Microsoft Endpoint Manager Enables AOSP Android Device Management via Premium Add-On

Microsoft this week announced the ability to manage Android Open Source Project (AOSP) devices via Microsoft Intune, which is available as a "premium" add-on to Microsoft Endpoint Manager (MEM) subscribers.

The AOSP management capability was released at the "general availability" commercial-release stage. Intune already can manage Android devices, but some Android devices using AOSP implementations don't comply with Google's certification requirements. Microsoft's AOSP MEM premium add-on capability lets organizations manage such devices, without having to meet Google's stipulations.

The AOSP Management Conundrum
Here's how Microsoft described the scenario that its AOSP MEM premium add-on aims to address:

Given the flexibility of the Android platform, not all variations of the core Android Open Source Platform meet Google's certification requirements for integration with Google Mobile Services (GMS). Integration with GMS is required to enable certain capabilities, such as access to the Google Play store and Firebase Cloud Messaging-based push notifications. Many devices that are now becoming critical in enterprise scenarios do not have the ability to leverage GMS but still need to be managed alongside other devices to securely access corporate resources and protect sensitive information.

There isn't a lot of Android devices that currently fit the above-described scenario. Microsoft listed just one such product line, namely RealWear devices.

"At this time, RealWear devices (running Android 10.0 and later) are the only supported devices for AOSP management in Microsoft Endpoint Manager," the announcement indicated.

These RealWear devices apparently fall into Microsoft's definition of "specialty devices" used with Intune. The specialty devices definition can be found in this Microsoft document.

MEM Premium Portfolios To Come
When it comes to Intune management, Microsoft has special MEM premium add-on plans for specialty devices, which will be sold as part of a "future premium portfolio," the announcement indicated. This bundle of specialty-device management capabilities will entail additional licensing costs for organizations.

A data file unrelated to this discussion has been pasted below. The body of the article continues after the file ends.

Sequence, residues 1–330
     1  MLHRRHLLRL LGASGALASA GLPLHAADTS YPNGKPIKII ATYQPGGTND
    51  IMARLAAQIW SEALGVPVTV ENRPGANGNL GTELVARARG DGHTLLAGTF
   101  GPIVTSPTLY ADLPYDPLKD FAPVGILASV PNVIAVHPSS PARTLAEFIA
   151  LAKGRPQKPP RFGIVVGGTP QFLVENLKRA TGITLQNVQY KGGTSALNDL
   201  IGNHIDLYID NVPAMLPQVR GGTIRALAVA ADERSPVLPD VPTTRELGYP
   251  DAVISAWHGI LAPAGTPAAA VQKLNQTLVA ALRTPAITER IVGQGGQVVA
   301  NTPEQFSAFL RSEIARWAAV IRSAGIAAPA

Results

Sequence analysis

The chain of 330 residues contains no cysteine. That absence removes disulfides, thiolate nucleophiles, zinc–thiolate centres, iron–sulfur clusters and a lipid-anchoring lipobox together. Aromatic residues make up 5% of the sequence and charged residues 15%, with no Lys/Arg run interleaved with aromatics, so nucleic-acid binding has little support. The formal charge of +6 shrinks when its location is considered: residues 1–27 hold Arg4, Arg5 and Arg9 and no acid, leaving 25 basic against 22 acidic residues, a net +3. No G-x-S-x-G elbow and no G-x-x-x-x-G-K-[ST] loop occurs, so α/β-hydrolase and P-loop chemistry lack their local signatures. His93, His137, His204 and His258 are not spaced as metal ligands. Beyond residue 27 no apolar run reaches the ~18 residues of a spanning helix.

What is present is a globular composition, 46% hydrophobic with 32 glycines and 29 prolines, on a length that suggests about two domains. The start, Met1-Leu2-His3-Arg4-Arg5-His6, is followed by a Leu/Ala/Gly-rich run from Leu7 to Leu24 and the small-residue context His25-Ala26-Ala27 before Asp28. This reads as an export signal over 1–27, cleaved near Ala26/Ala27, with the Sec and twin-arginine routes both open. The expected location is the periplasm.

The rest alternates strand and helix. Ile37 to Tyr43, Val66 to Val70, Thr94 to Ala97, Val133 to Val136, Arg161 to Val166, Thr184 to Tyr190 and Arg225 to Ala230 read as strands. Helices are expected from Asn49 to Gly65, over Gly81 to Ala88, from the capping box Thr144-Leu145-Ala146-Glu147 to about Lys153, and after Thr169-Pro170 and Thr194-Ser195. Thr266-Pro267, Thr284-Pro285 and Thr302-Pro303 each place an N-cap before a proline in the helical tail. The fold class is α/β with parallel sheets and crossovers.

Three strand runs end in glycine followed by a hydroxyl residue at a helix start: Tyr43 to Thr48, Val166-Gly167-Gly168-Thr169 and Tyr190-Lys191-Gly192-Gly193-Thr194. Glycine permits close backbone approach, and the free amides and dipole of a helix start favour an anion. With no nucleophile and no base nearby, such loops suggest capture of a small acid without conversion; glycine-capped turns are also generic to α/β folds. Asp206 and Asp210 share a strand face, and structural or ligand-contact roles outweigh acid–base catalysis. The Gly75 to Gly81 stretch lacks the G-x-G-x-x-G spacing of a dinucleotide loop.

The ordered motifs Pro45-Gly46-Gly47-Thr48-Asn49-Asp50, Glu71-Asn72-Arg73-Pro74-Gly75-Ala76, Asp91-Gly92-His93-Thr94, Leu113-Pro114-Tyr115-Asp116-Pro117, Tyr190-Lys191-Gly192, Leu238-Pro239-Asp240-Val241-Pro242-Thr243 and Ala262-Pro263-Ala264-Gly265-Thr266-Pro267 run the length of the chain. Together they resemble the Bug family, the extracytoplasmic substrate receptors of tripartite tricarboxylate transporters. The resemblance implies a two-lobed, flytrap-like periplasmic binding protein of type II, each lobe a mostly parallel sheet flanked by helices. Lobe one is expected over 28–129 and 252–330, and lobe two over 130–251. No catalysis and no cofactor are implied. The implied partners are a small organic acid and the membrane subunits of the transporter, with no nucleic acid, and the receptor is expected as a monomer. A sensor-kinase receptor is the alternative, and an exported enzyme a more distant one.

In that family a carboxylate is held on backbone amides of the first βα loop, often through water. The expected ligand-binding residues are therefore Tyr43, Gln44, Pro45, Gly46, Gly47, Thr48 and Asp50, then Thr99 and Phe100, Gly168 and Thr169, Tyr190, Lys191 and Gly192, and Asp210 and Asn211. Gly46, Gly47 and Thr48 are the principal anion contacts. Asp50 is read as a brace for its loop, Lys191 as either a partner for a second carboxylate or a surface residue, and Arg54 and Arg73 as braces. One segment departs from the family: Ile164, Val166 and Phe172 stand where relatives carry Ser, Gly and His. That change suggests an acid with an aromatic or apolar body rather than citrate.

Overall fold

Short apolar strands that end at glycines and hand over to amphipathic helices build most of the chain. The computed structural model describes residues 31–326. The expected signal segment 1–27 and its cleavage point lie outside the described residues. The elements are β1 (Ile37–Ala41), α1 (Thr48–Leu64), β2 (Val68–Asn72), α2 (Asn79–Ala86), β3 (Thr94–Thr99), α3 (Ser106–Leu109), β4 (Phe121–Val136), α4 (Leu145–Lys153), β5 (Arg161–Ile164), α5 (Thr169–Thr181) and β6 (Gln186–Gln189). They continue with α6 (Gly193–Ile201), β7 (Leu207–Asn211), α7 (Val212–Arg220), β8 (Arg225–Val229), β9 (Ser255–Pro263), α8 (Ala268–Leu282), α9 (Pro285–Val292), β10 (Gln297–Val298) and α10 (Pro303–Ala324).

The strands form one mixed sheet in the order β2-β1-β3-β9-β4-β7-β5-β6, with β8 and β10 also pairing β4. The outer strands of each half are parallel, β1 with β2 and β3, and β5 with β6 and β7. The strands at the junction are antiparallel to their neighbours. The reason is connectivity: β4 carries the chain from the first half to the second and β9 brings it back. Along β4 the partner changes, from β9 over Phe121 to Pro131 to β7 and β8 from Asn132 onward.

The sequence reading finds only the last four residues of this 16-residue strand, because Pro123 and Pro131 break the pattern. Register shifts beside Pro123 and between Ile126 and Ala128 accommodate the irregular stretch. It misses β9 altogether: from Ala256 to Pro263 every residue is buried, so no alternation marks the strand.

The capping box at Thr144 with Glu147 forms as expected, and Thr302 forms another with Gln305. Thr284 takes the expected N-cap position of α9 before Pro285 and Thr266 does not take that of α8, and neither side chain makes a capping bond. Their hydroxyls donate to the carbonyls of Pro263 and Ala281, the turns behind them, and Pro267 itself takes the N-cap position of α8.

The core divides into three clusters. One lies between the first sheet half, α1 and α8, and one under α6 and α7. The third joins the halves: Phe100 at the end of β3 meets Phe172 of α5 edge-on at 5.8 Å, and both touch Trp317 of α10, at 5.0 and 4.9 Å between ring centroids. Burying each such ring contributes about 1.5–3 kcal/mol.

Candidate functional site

Here's how the announcement characterized Microsoft's plans:

When we are ready to launch our new plans for advanced endpoint management, an additional license will be required to manage and protect specialty devices, including RealWear, as an add-on to your subscription that includes Microsoft Intune. For more information, see Managing Specialty devices with Microsoft Intune.

Right now, though, organizations using RealWear devices just need a subscription to Intune to use the newly released AOSP management capabilities, the announcement clarified. Microsoft didn't indicate when it would launch this new "advanced endpoint management" bundle.

The MEM Premium Shift
The notion that Microsoft is planning to charge MEM customers extra for premium add-ons goes back to April, when Microsoft kicked off the concept. At that time, Microsoft described a number of plans to add additional Intune functionality under the MEM premium banner.

MEM subscriptions include Intune, which is Microsoft's mobile management tool. What's new, though, is charging for premium MEM add-ons that will bolster Intune functionality.

The general idea of Microsoft's subscriptions, which may entail monthly or annual enlistment payments, is that organizations are paying into the ongoing developments of Microsoft's products. The extra costs for MEM subscribers to use premium add-ons, though, represents a turning point from that general concept.

The first premium MEM add-on was released back in April. It was Remote Help, a "secure" help desk service that's integrated with MEM. It was priced then at "$3.50 per user per month" and had other requirements, such as E3 or E5 licensing.

About the Author

Kurt Mackie is senior news producer for 1105 Media's Converge360 group.


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